Yesterday morning John and Carol and I ventured out to pick up our meat from the meat market. After we paid our bill, three men began to carry out card board boxes laden down with frozen packages of meat cuts. Box after box was carried out from a side door of the building and placed in the back of John’s car. I was a little concerned that they all might not fit. John’s boxes contained pork cuts from two of the pigs, and ours contained two pigs and cow. One of the two pigs in our boxes will eventually go to a friend of ours.
Once we got to John and Carol’s house, where we keep our two freezers, we had to unload all the packages. It is safe to say that we will not go hungry this winter. Both freezers are full and thats without putting in four hams and a huge bag of sausage. The hams will have to be cured and then smoked.
I took the package of sausage home with me and prepared to take on the task of making link sausage. I have never done this before so it was another new experience. Sonny bought me a nice stainless steel sausage press. We bought a package of natural casings too. You have to soak them for about a half an hour to wash off the salt that is used to preserve them. I have to say when I opened the bag I was not expecting the odor that rose out of it. YUK! But it went away as they soaked and were rinsed. On the other hand the sausage smelled heavenly. We had maple seasoning mixed into it and although I have not tried any yet, I am sure it will taste delicious.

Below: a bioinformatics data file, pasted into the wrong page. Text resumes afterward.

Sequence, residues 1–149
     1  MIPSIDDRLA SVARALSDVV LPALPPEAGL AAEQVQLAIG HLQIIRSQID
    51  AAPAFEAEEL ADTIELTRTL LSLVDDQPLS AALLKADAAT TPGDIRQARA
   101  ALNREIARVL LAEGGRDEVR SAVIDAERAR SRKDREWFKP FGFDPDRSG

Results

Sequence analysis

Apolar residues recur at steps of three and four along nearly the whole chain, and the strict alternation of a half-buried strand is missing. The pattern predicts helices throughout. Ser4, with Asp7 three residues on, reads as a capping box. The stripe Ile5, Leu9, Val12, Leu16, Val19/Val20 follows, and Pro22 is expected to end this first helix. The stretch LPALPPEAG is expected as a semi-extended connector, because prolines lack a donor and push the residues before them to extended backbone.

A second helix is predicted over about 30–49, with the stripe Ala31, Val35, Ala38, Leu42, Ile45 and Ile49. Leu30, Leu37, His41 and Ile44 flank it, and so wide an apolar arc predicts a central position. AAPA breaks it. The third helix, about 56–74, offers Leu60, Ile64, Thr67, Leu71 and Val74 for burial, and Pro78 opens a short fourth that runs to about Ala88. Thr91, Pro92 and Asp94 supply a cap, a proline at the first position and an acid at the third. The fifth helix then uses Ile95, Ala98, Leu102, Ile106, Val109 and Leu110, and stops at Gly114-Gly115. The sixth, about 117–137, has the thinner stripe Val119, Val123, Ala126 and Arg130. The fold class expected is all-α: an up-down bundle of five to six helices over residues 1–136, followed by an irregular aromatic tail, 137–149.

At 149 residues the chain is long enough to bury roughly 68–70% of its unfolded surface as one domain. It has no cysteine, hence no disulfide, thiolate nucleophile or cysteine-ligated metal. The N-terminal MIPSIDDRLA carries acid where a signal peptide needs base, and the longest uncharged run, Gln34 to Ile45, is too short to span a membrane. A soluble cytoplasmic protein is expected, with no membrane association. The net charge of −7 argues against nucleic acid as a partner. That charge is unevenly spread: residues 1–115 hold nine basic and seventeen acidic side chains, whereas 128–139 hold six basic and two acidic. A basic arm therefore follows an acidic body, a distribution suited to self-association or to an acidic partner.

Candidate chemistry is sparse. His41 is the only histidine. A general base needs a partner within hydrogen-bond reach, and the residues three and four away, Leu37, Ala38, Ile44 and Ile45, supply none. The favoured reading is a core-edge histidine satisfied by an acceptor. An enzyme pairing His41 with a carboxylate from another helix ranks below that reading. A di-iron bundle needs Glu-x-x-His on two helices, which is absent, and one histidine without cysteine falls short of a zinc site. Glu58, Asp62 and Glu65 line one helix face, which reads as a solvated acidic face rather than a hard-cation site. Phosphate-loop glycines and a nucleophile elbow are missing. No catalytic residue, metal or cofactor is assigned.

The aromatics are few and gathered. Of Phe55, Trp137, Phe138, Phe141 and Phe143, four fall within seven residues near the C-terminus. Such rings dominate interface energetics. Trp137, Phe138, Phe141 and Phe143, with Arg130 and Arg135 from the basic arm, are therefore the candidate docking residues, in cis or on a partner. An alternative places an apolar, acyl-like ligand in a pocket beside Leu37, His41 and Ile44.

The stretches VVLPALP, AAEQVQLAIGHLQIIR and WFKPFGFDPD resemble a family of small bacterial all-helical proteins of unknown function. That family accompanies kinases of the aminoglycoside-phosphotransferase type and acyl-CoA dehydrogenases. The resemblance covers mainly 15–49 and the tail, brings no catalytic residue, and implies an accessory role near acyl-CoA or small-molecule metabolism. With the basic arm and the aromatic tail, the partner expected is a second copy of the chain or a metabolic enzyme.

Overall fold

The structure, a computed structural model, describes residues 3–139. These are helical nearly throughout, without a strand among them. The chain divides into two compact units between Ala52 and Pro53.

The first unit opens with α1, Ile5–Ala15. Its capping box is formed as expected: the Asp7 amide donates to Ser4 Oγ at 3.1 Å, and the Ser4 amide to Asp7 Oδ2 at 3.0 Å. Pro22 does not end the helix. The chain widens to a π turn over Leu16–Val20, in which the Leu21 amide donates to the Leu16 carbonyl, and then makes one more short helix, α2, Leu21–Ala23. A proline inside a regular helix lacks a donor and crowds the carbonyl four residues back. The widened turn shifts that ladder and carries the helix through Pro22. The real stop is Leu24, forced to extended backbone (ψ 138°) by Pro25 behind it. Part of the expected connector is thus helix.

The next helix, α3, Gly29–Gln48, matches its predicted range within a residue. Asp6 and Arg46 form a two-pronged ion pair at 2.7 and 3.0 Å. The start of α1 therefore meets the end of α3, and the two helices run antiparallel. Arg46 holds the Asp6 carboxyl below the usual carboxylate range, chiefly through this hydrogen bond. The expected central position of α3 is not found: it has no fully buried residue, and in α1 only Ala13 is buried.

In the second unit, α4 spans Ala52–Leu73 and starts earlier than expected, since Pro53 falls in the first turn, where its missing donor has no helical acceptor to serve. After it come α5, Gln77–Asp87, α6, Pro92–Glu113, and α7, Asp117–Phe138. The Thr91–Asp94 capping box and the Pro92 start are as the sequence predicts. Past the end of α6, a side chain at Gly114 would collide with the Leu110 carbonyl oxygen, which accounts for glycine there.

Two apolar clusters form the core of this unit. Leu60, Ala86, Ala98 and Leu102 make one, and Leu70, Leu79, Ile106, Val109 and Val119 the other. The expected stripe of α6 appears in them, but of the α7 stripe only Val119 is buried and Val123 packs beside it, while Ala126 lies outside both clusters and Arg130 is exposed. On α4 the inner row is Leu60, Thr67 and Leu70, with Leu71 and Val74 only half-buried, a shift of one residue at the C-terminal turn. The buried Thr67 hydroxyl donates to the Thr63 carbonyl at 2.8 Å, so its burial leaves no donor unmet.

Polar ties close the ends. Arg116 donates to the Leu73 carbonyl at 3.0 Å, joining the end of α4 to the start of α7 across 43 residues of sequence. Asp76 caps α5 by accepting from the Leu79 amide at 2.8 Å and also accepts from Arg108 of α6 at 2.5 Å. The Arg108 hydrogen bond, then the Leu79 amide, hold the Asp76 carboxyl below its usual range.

There is a plastic tube that attaches to the press where the sausage is formed and is pushed into the casing. The casing is shoved onto the tube sort of like a glove and as the sausage is pushed into it, it glides off. You have to use one hand to wind the press and one hand to guide the sausage link off the tube.
Since this was new to me and I wanted to get the hang of it, my first attempt was a long sausage rope. We can just cut off what we want to use.
Then I tried twisting the casing between each link. Again we can just cut off what we want.
I was getting used to the mechanism and how it worked, so I knotted the end of the casing, filled it to make a link, cut and knotted the other end. This made individual links. I like that better, because I think it will be easier when it comes time to cook them.
I used about half of the bag of sausage to make the links and the rest I put into one pound packages so we can make patties for a change. Sonny likes links and I prefer the patties.
This afternoon Carol and I started curing the hams. She has a second refrigerator in her basement that we will use to keep the hams cold during the process. We applied a sugar/salt cure to each of the hams. In seven days we will repeat the process, then after another seven days they have to be soaked and rinsed. I believe they have to rest for a few weeks longer and then we will smoke them. Our hams weighed between thirteen and fifteen pounds a piece. Soon the aroma of smoking hams will meander through the holler on a crisp autumn breeze. Life is good.